Tuesday, November 28, 2006

Elrod-Mahern Recount

While a defeated Rep. Ed Mahern (D) made much ado about the importance of all the votes being counted in announcing his intent to seek a recount of the 97th District House he lost by 7 votes to Jon Elrod (R), the petition he filed only requested a recount of 40 of the district's 67 precincts. To prevent Mahern from cherry-picking precincts for purposes of a recount, Elrod filed his own cross-motion for a recount to add the 27 precincts Mahern excluded from his petition. This will insure a full recount of the votes cast.

Mahern is also challenging the official count because 19 absentee ballots sent to a nursing home in the district included the incorrect House district race. A possible remedy for that error could be a new election. I highly doubt that will occur. The recount process will begin in earnest tomorrow. Elrod was sworn in as state representative for the 97th District last week as the candidated certified to the state's Election Division as receiving the most votes.


Anonymous said...

*crosses fingers*

I wasn't aware one could ask for a recount in just certain precincts. Good on Jon Elrod to insist in counting *ALL* of them. After all its the Democratic mantra to count *ALL* the votes. Not just ones from "democratic" wards & precincts

Anonymous said...

Recounting only ome precincts, was Gore's biggest mistake in 2000. He'd have won if he had asked for all to be recounted. Jim Baker, instead, artfully cast Gore as a "selective recounter."

But, in Indiana, there is a fee for those requesting a recount. I don't know what it is, but it's per-precinct.

The petitioner has the right to request recounts wherever (s)he wishes.

Don't look for boogeymen here...just count the freaking votes, which should've been done already.

Gary R. Welsh said...

When the margin is this close, state law allows for a recount with minimal additional charge to the party petitioning for the recount. It's like $10 for each precinct in excess of 10 precincts. That money is refunded if the vote difference is at least halved as a result of the recount.

Anonymous said...

didn't know you were an election law expert there AI...

What's the point in Billy "not-so" Bright's recount down in Southern Indiana? Outrage there?

It's okay to throw out 19 votes because the Clerk screwed up? How's that better than only asking for a recount in some precincts???

Anonymous said...

2:43 is right.

Technically, absentees that are not sent to the originating precinct on election day cannot be counted. That's Indiana law. It's stupid, but that's the law.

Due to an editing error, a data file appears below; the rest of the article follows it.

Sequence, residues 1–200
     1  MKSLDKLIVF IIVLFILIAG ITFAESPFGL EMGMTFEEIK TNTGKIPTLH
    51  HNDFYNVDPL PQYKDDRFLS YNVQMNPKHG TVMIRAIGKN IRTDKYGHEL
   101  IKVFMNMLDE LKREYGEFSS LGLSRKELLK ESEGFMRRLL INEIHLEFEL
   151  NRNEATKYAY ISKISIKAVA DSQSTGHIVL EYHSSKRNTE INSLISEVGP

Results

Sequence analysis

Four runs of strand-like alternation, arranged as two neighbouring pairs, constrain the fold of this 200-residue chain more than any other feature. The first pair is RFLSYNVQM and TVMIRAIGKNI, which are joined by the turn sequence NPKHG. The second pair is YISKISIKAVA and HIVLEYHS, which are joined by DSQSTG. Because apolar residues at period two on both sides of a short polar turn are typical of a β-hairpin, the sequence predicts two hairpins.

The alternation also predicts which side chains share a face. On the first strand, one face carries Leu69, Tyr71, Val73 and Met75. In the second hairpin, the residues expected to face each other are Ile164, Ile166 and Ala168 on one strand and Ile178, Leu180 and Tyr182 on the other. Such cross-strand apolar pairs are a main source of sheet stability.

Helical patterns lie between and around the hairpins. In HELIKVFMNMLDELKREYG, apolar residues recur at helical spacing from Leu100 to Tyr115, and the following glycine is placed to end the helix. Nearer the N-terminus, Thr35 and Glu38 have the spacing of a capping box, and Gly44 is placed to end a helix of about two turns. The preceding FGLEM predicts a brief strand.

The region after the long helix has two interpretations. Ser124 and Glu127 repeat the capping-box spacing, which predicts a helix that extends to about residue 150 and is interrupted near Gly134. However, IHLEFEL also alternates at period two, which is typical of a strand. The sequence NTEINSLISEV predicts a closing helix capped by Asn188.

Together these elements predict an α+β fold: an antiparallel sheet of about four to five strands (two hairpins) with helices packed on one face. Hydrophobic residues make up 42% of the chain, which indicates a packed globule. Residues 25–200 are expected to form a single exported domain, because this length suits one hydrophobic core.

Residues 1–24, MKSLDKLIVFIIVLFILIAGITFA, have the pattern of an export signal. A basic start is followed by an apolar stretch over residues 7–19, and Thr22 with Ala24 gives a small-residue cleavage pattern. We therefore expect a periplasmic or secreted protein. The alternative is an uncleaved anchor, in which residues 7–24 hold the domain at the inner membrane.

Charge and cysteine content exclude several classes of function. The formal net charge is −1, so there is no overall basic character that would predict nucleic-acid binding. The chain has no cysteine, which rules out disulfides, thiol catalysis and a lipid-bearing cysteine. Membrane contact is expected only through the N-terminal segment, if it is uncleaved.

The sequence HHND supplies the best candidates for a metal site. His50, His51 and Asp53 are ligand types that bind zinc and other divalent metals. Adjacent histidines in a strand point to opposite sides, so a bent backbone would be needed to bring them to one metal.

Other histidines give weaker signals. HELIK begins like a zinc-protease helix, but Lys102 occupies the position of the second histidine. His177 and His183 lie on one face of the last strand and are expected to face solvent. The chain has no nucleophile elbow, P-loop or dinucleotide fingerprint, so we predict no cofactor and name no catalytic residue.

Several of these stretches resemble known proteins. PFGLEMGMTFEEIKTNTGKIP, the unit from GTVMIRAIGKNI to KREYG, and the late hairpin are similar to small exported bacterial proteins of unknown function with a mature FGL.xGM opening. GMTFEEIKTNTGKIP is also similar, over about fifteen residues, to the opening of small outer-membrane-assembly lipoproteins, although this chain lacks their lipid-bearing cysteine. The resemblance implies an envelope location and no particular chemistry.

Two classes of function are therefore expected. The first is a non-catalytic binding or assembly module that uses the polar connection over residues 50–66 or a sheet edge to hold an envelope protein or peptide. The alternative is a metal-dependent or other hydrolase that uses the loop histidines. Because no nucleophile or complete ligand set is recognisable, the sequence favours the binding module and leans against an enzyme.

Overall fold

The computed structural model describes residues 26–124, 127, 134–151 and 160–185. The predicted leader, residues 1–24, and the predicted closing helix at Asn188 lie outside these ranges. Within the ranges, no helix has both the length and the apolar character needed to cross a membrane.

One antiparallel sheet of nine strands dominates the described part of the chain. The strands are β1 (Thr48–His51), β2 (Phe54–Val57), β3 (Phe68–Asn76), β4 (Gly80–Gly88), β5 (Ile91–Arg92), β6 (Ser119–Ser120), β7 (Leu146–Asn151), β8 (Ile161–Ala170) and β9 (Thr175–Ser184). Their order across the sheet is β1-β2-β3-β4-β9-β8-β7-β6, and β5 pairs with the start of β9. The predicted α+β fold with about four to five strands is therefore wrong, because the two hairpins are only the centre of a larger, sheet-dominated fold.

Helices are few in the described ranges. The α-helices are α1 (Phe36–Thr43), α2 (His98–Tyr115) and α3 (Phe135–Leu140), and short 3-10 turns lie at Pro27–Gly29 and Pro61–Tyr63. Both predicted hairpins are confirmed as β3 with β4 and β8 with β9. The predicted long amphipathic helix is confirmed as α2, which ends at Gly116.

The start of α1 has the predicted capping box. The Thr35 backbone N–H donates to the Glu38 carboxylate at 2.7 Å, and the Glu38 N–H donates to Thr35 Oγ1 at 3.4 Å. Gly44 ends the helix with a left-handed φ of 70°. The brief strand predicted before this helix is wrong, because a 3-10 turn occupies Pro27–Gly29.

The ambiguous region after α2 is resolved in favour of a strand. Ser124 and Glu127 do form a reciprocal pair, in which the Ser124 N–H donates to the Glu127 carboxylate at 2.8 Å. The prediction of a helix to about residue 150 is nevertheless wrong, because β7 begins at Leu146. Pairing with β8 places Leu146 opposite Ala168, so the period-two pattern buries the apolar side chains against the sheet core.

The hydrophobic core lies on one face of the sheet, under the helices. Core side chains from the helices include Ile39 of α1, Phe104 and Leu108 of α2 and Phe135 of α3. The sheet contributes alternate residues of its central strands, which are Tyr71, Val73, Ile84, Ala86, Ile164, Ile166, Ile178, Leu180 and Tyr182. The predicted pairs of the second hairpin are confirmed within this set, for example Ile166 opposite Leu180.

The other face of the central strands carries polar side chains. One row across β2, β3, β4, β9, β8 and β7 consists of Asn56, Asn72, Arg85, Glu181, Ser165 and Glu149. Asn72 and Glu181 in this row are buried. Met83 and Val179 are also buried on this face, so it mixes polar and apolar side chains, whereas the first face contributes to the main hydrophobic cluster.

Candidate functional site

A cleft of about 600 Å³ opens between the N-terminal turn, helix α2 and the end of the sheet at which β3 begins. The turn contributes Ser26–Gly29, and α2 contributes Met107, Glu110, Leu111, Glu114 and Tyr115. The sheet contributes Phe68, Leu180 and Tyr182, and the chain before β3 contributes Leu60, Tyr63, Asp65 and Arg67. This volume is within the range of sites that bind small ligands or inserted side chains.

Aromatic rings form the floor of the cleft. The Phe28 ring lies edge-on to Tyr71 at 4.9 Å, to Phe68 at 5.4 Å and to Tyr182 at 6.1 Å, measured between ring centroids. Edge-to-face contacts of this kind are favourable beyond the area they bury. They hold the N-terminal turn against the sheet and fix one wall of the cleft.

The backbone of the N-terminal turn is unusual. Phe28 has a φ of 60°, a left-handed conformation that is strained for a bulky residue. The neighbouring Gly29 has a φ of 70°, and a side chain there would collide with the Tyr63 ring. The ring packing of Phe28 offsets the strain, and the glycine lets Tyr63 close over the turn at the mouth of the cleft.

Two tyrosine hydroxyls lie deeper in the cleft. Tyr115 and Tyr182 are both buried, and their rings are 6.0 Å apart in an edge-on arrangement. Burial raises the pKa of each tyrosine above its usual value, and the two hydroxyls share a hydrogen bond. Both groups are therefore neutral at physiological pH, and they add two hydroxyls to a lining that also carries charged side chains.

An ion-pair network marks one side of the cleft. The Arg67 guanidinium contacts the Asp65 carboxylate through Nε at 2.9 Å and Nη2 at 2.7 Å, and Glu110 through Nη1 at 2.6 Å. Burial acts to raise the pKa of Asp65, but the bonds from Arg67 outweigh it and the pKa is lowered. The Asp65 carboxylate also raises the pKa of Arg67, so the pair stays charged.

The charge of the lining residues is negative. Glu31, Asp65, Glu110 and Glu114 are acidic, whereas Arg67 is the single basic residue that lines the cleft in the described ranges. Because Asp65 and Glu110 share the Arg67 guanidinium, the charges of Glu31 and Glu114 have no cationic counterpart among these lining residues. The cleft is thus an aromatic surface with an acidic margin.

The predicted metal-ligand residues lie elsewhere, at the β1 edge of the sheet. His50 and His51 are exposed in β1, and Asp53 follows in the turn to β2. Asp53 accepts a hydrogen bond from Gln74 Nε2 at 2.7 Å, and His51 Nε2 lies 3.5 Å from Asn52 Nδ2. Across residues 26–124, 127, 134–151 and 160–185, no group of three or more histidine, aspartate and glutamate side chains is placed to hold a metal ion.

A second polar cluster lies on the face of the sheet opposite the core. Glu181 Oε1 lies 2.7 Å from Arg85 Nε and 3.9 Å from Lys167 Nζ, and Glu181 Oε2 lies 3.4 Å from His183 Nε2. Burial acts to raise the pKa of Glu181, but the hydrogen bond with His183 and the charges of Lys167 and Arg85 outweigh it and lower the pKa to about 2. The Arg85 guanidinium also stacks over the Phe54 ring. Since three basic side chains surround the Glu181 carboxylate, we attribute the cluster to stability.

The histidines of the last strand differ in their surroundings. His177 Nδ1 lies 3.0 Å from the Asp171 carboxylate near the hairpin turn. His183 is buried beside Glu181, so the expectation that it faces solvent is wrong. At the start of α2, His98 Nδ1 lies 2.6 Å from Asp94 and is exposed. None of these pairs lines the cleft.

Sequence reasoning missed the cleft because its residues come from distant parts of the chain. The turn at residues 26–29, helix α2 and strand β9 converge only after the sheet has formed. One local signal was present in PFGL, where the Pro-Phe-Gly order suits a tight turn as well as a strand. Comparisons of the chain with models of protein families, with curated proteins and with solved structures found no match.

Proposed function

I imagine the other voter law, which mandates Voter Intent be the determining factor, will win out here, and those absentees will be counted.

It's a lesson for all of us to get our absentees in early. But it shouldn't have come to this. I have no idea what those uncounted absentees say...they could be all Republican, all Dem...who knows? But to fail to get them to the precincts, in this case, caused a monumental problem.

Gary R. Welsh said...

anon, 2:43, I previously explained that Bright's recount arose out of concern that as many as 30% of the votes cast in Jennings County were by absentee ballot--more than 3 times the normal rate. Bright won Jennings County by more than 1,600 votes 2 years ago; he lost it by about that same margin this year--the difference in this election. A recount may draw scrutiny to absentee ballots.

anon, 3:30, what was an even more stupid law was the Florida law that allowed absentee ballots that arrived in the mail after election day to be counted.

Anonymous said...

Postmarked ballots, whose postal insignia is Election Day or before, should count, everywhere, Gary.

With a reasonable cutoff, of course.

Why should absentee voters risk their vote not being counted, because of USPS, or, worse, Clerk's Office screwups?

When in college, I always paid the extra postage and sent mine back registered.

Gary R. Welsh said...

I disagree, anon. If you're going to vote absentee, you should not wait until the last minute to mail in your ballot. You're already being given a break by not being required to vote in person; the least you could do is mail in your ballot in a timely fashion.

Anonymous said...

"Given a break" ?

Work, school, or other personal business foten draws people out of town on the provided Election Day.

No one is giving them a break, when they exercise their duty and vote, by absentee. They should do so promptly and return the ballot promptly.

My daughter in college, who's voted solid D three times, requested an absentee Sept.20. She got it the Friday before the election. I drove to get it, to be sure it would count. But the delay was not her fault. Not even close.

Her friend at IU, from a longtime Marion County Republican family, submitted her applilcation for absentee Oct.28 and got the ballot in three days.

It's a dirty little secret that's been festering in this clerk's office for years. Second time it's happened in my family--and I could give you many more similar examples. We Democrats have had to birddog these applications for years. It's not right.

And you wonder why many of us screamed for a new clerk?

What a provincial attitude "give em a break" is.